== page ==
TCU

TCU scored its fewest points in two decades. How the Frogs plan to be more explosive

TCU football cranks up the heat during practice at fall camp

Texas Christian University football team hit the field hard for Day 2 of fall camp in Fort Worth.
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Texas Christian University football team hit the field hard for Day 2 of fall camp in Fort Worth.

TCU had its worst scoring average of the Gary Patterson era in 2018.

The Frogs averaged just 23.5 points a game last season, the program’s worst mark in two decades. It hasn’t been that low since they put up 22.3 points a game in 1998.

Co-offensive coordinator Sonny Cumbie pointed to the turnovers as the No. 1 issue in dissecting a forgettable offensive year.

“Turnovers are never good,” said Cumbie, referencing the 26 giveaways by TCU last season.

“We never had a game really offensively where you get the momentum and you really capitalize on it and you gain momentum through the game. We always ended up shooting ourselves in the foot.”

Turnovers weren’t the only issues.

Cumbie put blame on the coaching staff, too, saying he and his fellow coaches should’ve done a better job.

“You evaluate everything,” Cumbie said. “Why weren’t we good, really, in most areas? It starts with coaching. How can we coach better? Is there something that we’re doing schematically that needs to change?

“Hopefully we’ve addressed that moving forward.”



TCU feels it’s found a cure to the offensive woes and Cumbie believes a more explosive unit is on the horizon.

More explosive means runs of 12 yards or more, and pass plays of 16 yards or more. It means opening up the passing game and taking more opportune shots down the field. It means wearing defenses out with a big, bruising running game.

“When we play, we want to be a tough, physical offense that’s explosive,” Cumbie said. “When opponents see us play, they’re not looking forward to playing against us. The biggest thing is getting back to a TCU offense that’s relentless with how hard it plays, and plays very physical, and has the ability to be very explosive.”

Early signs are being seen in fall camp.

Coach Gary Patterson mentioned standout receiver Jalen Reagor running by the secondary three times in practice late last week. Freshman running back Daimarqua Foster had a 50-plus yard run on Saturday.

Other receivers such as Mikel Barkley, TreVontae Hights, Taye Barber, Dylan Thomas, Tevailance Hunt and Derius Davis are having solid camps as well.

Patterson said TCU is throwing the deep ball as well as it has since 2014. The Frogs averaged 46.5 points and 533 yards a game in that Peach Bowl-winning season compared to the 23.5 points and 368.1 yards in the Cheez-It Bowl-winning season last year.

Is TCU getting closer to that wide-open attack of ‘14?

“I’m not going to elaborate because I ain’t gonna tell anybody else what we’re doing,” Patterson said.

But there’s no question TCU’s offense should become more explosive. After all, it’s hard to envision it going the other way.

Cumbie made it clear the offense would play to its strengths this season, starting with the running game. That might not fit with true ‘Air Raid’ principles, but the offensive philosophy is about doing whatever suits TCU best.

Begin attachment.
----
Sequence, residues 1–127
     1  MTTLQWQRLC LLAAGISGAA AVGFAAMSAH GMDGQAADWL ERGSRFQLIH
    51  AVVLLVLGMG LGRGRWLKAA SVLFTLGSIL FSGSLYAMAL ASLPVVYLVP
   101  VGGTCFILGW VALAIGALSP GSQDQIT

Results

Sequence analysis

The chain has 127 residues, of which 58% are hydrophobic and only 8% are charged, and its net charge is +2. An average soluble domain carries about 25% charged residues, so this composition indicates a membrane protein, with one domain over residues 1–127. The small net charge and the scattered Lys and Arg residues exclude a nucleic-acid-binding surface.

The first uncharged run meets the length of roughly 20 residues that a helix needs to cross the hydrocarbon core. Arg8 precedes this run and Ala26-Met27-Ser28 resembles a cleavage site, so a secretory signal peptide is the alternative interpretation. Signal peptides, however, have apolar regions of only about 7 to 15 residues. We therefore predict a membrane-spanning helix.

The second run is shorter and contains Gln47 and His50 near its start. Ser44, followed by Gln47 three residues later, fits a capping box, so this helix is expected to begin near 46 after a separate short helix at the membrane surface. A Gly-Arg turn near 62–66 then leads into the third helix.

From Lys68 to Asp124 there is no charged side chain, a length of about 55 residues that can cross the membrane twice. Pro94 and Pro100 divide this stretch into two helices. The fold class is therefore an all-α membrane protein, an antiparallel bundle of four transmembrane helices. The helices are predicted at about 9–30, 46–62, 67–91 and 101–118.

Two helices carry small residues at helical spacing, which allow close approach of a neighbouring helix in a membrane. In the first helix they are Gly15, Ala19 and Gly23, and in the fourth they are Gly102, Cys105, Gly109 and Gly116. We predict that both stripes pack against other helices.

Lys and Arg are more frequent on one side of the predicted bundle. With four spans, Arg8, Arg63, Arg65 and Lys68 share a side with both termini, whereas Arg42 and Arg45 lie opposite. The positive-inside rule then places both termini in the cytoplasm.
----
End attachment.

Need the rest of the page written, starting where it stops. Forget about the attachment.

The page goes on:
As Cumbie said, “The biggest thing you have to ask is, ‘How do we best attack the defense?’”

That should start with a smash-mouth approach.

TCU has two offensive tackles (Lucas Niang and Anthony McKinney) and two running backs (Sewo Olonilua and Darius Anderson) with potential to become NFL Draft picks next year. Establishing the run should be a priority.

That mindset should put TCU in position to win the time of possession battle, something that it did in six of its seven wins last year. Not to mention that approach helps keep the defense fresh.

Another part of the equation is forcing defenses to account for the running game, which should open up more passing lanes for whoever wins the quarterback job to find receivers such as Reagor.

“Coming in, the offensive linemen are the most experienced guys and our two running backs are really good players, so you can’t turn a blind eye to the running game,” Cumbie said. “When you’re trying to sift through a little bit who the quarterback is going to be, who do you lean on and who are the most experienced and better players you have on your offense? I think you probably try to lean on those guys early on until the quarterback situation comes stable.”

Cumbie and co-offensive coordinator Curtis Luper each raved about the running game situation, and said TCU would like to run sets with both Olonilua and Anderson in the lineup.

That doesn’t necessarily mean a true 20- or 21-personnel grouping with two tailbacks, as Olonilua has flexibility to line up as a tight end or H-back.

“We’d love to have them both on the field,” Luper said. “If we had 100 snaps, we’d love to have both of those guys on the field for 70 snaps.”

Added Cumbie: “It’s just putting your best players on the field. Like with a tight end, is putting him in the game better than your third or fourth receivers? That’s what you’ve got to ask yourself at times. Our running backs are really talented.

“We want to keep those guys on the field as much as possible.”

In the end, TCU simply wants to find an offense that is more explosive and puts more points on the scoreboard. Whether it’s running the ball more effectively, or airing it out, the Frogs will do what is necessary to improve upon last season.

A more explosive offense is certainly music to the ears of the players.

“I just want y’all to stay tuned,” Reagor said, smiling at Big 12 Media Days last year. “It’ll be a fun year.”

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